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Mr. Field: To ask the Secretary of State for Education and Employment, pursuant to his answer to the right hon. Member for Penrith and The Border (Mr. Maclean) of 1 March 2000, Official Report, column 313W, on the New Deal for Lone Parents, if he will place in the Library a copy of the invitation letter issued to 443,700 lone parents. 
Mr. Davidson: To ask the Secretary of State for Education and Employment what assessment he has made of the impact of the New Deal for Young People on levels of long-term unemployment among young people in Glasgow, Pollok. 
Claimant unemployment among this group has fallen by 70 per cent. in the three years since April 1997 and by 56 per cent. since April 1998 when the New Deal was introduced. Part of this fall is due to the delivery of a strong and stable economy, but the New Deal for Young People has helped unemployment to fall even faster. The fall of 56 per cent. since the New Deal was introduced compares with a fall of 18 per cent. in total unemployment, 23 per cent. in total youth (18-24) unemployment and 26 per cent. in the total number unemployed for six months or more. The effect of the New Deal is confirmed by independent research from the National Institute of Economic and Social Research.
17 Jul 2000 : Column: 84W
It is not possible to measure the New Deal effect exactly in each constituency. However, in Glasgow, Pollok the falls in unemployment among the New Deal client group have also been substantially faster than for other groups. In Glasgow, Pollok constituency in the two years since April 1998 claimant unemployment among those aged 18-24, unemployed for six months or more, has fallen by 68 per cent. from 315 to 101. This compares with a fall of 18 per cent. in total unemployment, 28 per cent. in total youth (18-24) unemployment, and 32 per cent. in the total number unemployed for six months or more.
Mr. Willis: To ask the Secretary of State for Education and Employment what the cost is of the implementation of each part of the teachers' performance-related pay scheme; and what the current cost is of administering the scheme. 
Ms Estelle Morris [holding answer 12 July 2000]: We have made up to £1 billion available to support the cost of our teaching reforms in England until March 2002. Most of this extra money will be spent on the new teachers' pay system. The total cost of administering the pay reforms will be dependent upon the number of school visits carried out and this will not be known until later in 2000.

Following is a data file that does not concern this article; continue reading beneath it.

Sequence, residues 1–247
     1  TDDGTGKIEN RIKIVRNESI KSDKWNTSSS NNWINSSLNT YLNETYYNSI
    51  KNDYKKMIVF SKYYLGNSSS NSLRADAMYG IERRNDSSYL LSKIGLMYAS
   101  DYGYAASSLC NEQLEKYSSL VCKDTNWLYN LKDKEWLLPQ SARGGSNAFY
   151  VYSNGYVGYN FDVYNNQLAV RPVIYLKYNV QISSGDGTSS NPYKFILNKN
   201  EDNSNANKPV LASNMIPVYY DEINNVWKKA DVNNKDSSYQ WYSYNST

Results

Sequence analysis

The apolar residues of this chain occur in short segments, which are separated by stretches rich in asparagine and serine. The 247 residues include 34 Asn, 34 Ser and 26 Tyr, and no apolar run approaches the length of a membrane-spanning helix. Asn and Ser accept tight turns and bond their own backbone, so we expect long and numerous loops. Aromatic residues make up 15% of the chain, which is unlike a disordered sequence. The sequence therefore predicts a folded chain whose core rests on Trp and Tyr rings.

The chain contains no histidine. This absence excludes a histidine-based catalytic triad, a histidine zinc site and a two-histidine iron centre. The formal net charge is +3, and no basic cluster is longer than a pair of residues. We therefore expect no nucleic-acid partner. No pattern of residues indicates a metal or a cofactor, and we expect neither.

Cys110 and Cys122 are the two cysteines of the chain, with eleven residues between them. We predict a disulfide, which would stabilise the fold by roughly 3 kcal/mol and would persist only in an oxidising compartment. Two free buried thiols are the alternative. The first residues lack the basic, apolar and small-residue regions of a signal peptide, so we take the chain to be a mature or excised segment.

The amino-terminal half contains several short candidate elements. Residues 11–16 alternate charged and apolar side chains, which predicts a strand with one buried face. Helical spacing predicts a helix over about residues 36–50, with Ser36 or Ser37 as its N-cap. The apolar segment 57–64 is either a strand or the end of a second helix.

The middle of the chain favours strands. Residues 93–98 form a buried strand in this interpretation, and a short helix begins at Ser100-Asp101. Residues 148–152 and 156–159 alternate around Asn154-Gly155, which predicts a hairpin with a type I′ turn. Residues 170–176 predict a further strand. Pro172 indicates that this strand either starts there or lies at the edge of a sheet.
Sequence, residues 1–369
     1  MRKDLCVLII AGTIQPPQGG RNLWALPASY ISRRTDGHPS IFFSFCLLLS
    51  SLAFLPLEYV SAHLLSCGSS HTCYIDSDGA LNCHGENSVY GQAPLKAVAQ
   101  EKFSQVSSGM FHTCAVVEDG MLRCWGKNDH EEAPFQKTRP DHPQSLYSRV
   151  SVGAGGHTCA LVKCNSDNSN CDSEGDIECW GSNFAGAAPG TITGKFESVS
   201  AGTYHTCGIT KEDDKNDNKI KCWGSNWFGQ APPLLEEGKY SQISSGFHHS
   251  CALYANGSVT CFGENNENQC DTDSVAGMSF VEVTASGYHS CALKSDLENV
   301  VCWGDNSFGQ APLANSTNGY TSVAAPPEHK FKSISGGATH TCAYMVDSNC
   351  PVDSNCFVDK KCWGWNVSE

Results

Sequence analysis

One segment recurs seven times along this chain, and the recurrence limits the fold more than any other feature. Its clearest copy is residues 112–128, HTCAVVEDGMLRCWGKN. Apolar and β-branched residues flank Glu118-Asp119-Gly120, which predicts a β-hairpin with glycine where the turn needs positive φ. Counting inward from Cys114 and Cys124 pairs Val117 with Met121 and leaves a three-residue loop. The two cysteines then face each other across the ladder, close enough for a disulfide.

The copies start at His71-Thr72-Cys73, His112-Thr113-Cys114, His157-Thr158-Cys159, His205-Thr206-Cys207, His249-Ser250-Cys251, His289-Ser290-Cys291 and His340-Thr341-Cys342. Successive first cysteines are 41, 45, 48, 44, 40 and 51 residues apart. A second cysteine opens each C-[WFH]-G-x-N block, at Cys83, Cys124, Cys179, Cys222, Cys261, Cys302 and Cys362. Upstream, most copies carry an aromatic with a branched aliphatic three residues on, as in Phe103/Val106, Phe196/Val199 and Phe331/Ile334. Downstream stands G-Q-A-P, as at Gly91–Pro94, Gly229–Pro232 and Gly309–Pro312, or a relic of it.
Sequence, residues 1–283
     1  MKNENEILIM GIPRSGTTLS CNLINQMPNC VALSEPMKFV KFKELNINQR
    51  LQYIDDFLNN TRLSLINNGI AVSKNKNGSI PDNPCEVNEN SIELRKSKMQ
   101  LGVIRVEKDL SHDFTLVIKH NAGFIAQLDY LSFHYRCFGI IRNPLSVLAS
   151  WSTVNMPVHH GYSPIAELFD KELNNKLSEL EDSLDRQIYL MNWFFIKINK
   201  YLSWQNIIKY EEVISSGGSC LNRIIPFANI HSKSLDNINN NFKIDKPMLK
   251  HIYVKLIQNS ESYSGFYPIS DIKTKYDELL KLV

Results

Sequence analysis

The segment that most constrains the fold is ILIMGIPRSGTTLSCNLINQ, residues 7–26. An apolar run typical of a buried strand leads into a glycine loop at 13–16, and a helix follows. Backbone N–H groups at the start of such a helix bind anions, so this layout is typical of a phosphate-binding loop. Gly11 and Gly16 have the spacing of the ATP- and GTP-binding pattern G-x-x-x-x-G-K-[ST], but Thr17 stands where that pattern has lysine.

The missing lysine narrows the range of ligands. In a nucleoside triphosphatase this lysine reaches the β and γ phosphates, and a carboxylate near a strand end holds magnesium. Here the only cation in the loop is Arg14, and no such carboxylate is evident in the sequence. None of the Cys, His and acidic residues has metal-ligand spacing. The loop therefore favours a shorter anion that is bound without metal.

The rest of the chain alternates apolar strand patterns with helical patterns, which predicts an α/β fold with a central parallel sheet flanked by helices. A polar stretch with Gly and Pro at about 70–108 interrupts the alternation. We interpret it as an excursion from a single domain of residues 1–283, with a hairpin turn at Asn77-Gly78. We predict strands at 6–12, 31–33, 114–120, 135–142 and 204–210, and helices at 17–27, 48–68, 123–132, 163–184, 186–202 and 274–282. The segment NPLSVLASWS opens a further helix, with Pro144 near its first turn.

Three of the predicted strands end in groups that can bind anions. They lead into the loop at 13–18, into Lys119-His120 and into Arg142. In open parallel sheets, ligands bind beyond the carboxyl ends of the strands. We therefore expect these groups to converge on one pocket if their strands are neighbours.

Mr. Allan: To ask the Secretary of State for Education and Employment if he will list, for the latest date for which figures are available, the total value of grants made by each local education authority in England and Wales to schools, through the New Deal for Schools, for the repair of school buildings. 
Jacqui Smith [holding answer 12 July 2000]: The following table shows allocations made to local education authorities in England under the New Deal for Schools rounds 1 to 4. Information covering Welsh Authorities is not held by this Department.
|LEA name||Total NDS allocation|
|Barking and Dagenham||6,096|
|Bath and North East Somerset||4,907|
|Brighton and Hove||4,481|
|City of London||0|
|East Riding of Yorkshire||8,479|
|Hammersmith and Fulham||3,896|
|Isle of Wight||3,425|
|Isles of Scilly||108|
|Kensington and Chelsea||1,625|
|Kingston upon Thames||3,962|
|Newcastle upon Tyne||14,717|
|North East Lincolnshire||5,573|
|Redcar and Cleveland||10,900|
|Richmond upon Thames||2,670|
|West Berkshire (Newbury)||3,337|
|Windsor and Maidenhead||2,783|
|Total allocation for local education authorities in England||1,243,488|
17 Jul 2000 : Column: 87W
Mr. Wicks [holding answer 12 July 2000]: Snapshot figures for November 1999 show that adult learners funded by the Further Education Council (FEFC) declined by 1.9 per cent. on 1998 while numbers of 16-18 year olds rose by 2.5 per cent. in the same period. The decline in adult learners reflects our squeezing out of the inappropriate franchising by some colleges allowed by the previous Government. The measures announced by the FEFC this year will help ensure that recruitment rises in line with Government projections for 2000-01 and 2001-02.
Mr. Boswell: To ask the Secretary of State for Education and Employment what resources his Department (a) has allocated and (b) plans to allocate to develop language and educational provision in preparation for the launch and national roll-out of the pilot project for neo-natal hearing screening. 
Jacqui Smith: There has been a £1.1 billion increase in education through Standard Spending Assessment (SSAs) in 2000-01. Through this, money is made available to all local education authorities (LEAs). It is for LEAs to determine how to make best use of this money and decide which services they make resources available for.
In addition in 2000-01, we have made the following increases in funding available to schools and LEAs: £500 million extra in grant to the standards fund; £50 million to support school budgets; £14 million in extra support for Excellence in Cities; and £290 million directly for schools in the March Budget. Taken together these amount to an increase in funding per pupil of £180 in real terms.
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